Here's something you don't see everyday: a serious critical appraisal of a Molly Hatchet song.
There are few groups in history that have as immediately recognizable a musical sound as one finds in the music of Molly Hatchet, as while most other bands were content with one or two guitarists, "The Hatchet" preferred a triple-guitar assault. The team of Dave Hlubek, Steve Holland, and Duane Rolland establish a far more imposing, yet not overly aggressive sound on "Flirtin' With Disaster," and it is this unique contrast in sound that largely defines the bands' sound. It also enables Molly Hatchet to produce some of the most amazing solos and guitar progressions ever recorded, and yet at the same time, "Flirtin' With Disaster" is as straightforward a rock song as one can find anywhere. The guitars have the ideal amount of "twang" that stays true to their Southern roots, and yet it is the edge and slight aggression they bring that sets the band far apart from any other group using the term "Southern rock." Bassist Banner Thomas is equally impressive, as it is his playing that gives "Flirtin' With Disaster" its amazing amount of movement, as he gives the song a swing and a sway that make it impossible not to groove along with the music. This is complimented by drummer Bruce Crump, and his steady, slightly speedy pace serves as the ideal finishing touches to one of the finest musical arrangements in all of music history. The band deploys amazing periods of tension and release, and it is these "waves" of music that vault "Flirtin' With Disaster" to such an iconic status.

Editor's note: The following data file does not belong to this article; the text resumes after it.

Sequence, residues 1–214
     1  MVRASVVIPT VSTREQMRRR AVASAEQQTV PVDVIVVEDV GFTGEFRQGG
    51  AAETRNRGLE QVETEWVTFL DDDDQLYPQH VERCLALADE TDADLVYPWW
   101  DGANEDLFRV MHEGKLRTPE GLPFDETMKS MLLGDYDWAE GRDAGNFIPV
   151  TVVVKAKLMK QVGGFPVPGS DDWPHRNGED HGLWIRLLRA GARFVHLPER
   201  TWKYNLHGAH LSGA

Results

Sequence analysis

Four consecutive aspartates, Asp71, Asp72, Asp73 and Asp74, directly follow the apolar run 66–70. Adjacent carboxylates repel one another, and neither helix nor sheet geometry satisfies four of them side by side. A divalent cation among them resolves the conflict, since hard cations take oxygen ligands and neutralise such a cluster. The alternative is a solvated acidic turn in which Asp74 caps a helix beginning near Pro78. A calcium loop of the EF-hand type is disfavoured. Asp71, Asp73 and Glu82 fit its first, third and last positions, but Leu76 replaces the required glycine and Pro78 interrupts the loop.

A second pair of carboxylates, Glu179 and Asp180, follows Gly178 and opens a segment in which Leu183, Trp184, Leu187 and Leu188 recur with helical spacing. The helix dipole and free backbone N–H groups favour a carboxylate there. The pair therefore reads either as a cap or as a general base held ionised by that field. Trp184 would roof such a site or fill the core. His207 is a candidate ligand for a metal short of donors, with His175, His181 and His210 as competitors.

You can find that and more at the Daily Guru, a blog dedicated to identifying (and justifying) the best songs ever. Lots of good taste on display there.